On the evidence of the first two days of testing – scant evidence indeed, but all we have to go on at the moment – conditions appear to favor Honda. With a liter less fuel to play with, and the new tires being introduced by Bridgestone, it looks like the tide is flowing Honda’s way, while Yamaha is set to suffer.

For the Factory Option entries at least; in the Open category, the tide is flowing very firmly in the other direction, with Aleix Espargaro and the NGM Forward Yamaha blowing Honda’s production racer out of the water.

That the fuel reduction would favor the Honda was expected, but the advantage might be bigger than Yamaha would like to admit. After a tough first day of testing, Jorge Lorenzo spent all of Wednesday trying to recover his confidence in the bike, as his crew searched for a setup that would smooth power delivery and give him the precise throttle control his high-lean-angle – and high risk – strategy demands. They were successful, at least in renewing Lorenzo’s confidence in the bike, he told the press.

A change to the electronics gave him the feeling he had with last year’s machine, and he was able to ride more freely. With that change made, he went in search of a fast lap, setting it at around 3:30pm, in the hottest part of the day.

MotoGP Sepang Test – Day 1 Summary: A Fast Rossi, A Fast Open Yamaha, & A Slow Black Honda

02/04/2014 @ 12:15 pm, by David Emmett6 COMMENTS

MotoGP Sepang Test   Day 1 Summary: A Fast Rossi, A Fast Open Yamaha, & A Slow Black Honda valentino rossi motogp sepang yamaha racing 635x423

It has been a fascinating first day of testing at Sepang. And like all fascinating days, it has been long, tiring, and utterly inspiring. There were surprises, disappointments, and rumors confirmed and denied. It was, in short, a good day at the office.

Marc Marquez was fastest – it barely goes without saying – the 2013 World Champion picking up where he left off. He was quick from the off, and put in a final burst of speed at the end of the day to open the gap on the rest, finishing with half a second advantage.

Braking stability was the watchword for the Repsol Honda team, especially rear grip on braking and corner entry, with both Marquez and Dani Pedrosa working on a slightly revised version of the 2014 RC213V which both men had tested at Valencia last year.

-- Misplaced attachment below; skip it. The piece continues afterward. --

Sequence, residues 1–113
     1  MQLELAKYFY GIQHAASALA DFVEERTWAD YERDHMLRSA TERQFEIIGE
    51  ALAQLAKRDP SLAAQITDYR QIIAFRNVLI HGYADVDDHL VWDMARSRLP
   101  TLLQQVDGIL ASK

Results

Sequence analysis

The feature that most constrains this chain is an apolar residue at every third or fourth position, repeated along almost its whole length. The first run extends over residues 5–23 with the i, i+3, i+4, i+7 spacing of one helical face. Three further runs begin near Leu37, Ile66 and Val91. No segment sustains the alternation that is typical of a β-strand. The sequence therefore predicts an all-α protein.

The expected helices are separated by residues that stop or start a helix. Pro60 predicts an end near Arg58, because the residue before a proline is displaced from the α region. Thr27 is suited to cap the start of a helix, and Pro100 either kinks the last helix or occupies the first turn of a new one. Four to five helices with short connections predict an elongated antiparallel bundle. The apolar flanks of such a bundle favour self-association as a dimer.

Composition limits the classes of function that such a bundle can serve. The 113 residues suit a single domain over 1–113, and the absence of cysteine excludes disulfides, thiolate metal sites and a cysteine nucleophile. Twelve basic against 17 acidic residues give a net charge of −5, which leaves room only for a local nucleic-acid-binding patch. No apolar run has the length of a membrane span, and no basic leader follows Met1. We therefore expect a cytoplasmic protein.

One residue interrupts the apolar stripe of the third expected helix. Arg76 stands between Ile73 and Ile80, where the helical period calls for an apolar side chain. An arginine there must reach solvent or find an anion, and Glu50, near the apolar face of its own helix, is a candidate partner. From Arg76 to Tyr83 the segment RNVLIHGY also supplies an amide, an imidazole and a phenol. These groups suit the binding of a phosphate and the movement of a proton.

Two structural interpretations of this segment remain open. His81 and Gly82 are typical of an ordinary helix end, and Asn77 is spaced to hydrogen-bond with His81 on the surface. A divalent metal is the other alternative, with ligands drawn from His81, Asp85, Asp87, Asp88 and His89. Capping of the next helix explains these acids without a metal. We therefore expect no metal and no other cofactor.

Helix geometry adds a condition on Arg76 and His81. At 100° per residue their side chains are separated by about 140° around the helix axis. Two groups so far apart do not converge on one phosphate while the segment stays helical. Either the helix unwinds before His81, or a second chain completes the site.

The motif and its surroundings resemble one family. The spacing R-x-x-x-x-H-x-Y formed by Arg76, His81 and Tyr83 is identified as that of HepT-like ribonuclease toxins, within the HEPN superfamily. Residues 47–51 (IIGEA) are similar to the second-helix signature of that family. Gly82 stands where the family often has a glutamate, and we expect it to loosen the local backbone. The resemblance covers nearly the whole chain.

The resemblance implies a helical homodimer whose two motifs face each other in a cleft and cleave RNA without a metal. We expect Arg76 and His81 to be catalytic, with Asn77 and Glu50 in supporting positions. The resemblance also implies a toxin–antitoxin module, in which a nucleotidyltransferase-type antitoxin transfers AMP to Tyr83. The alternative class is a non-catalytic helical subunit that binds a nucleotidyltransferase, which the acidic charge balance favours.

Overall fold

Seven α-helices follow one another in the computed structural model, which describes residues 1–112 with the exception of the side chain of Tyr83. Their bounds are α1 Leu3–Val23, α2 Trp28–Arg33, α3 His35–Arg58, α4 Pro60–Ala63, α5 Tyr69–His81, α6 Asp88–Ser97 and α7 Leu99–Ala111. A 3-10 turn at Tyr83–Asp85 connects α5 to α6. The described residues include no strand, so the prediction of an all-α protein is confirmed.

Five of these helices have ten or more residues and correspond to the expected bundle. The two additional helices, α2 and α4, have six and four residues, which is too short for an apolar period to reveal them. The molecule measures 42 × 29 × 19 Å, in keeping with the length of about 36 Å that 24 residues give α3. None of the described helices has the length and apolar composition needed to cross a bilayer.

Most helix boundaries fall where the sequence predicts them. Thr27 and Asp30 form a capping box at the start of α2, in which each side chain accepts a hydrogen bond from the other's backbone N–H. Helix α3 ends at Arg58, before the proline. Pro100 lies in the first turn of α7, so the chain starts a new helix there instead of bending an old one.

Their main focus – like those of everyone on their first day back on a MotoGP – was just to get used to the speed again. The switchover had been toughest for Cal Crutchlow, the Englishman claimed. He had ridden a motocross bike for exactly one day, he said, spending the rest of his winter training on his bicycle. The speed differential between a 20-speed racing bicycle and a 6-speed Ducati Desmosedici is nothing if not cavernous.

The happiest faces were at Yamaha, though in different garages and on unexpected faces. Valentino Rossi took the second fastest time, had led for a large part of the test, and looked a much happier rider all round. The rapport with new crew chief Silvano Galbusera was good, the atmosphere in the team was good, but above all, a few small changes which Yamaha had made to the YZR-M1 had proven to be significant.

Would Honda Really Quit MotoGP over a Spec-ECU?

12/30/2013 @ 12:33 am, by David Emmett32 COMMENTS

Would Honda Really Quit MotoGP over a Spec ECU? dani pedrosa hrc motogp scott jones 635x423

The 2014 MotoGP season marks a key point in the evolution of Grand Prix racing. Next season, all entries in the MotoGP class must use the Magneti Marelli standard ECU and datalogger as part of their hardware package. For the first time in history, electronics have been limited in motorcycle racing’s premier class.

It is a small victory for Dorna and the teams; however, only the hardware has been regulated. All entries must use the standard ECU, but the choice of which software that ECU runs is up to the teams themselves.

If a team decides to run Dorna’s standard software, they get extra fuel to play with, and more engines to last a season. If a factory decides they would rather write their own software, they are also free to do so, but must make do with only 20 liters to last a race, and just five engines to last a season.

The difference between the two – entries under the Open class, using Dorna software, and as Factory option entries using custom software – is bigger than it seems. Open class entries are stuck with the engine management strategies (including launch control, traction control, wheelie control, and much more) as devised and implemented by the Magneti Marelli engineers, under instruction by Dorna.

Factory option entries will have vastly more sophisticated strategies at their disposal, and manufacturers will be free to develop more as and when they see fit.

The freedom to develop electronics strategies has been a deal-breaker for the factories throughout the four-stroke era. The change in capacity from 990cc to 800cc in 2007 vastly increased the importance of electronics in the overall package, with more and more money going into both the development and the management of electronics strategies.

The combination of a vast array of sensor inputs, fuel injection, and electronic ignition has meant that vehicle control has moved from merely managing fueling to dynamic and even predictive engine management. Engine torque is now monitored and managed based on lean angle, bike pitch, tire wear, fuel load, and a host of other variables.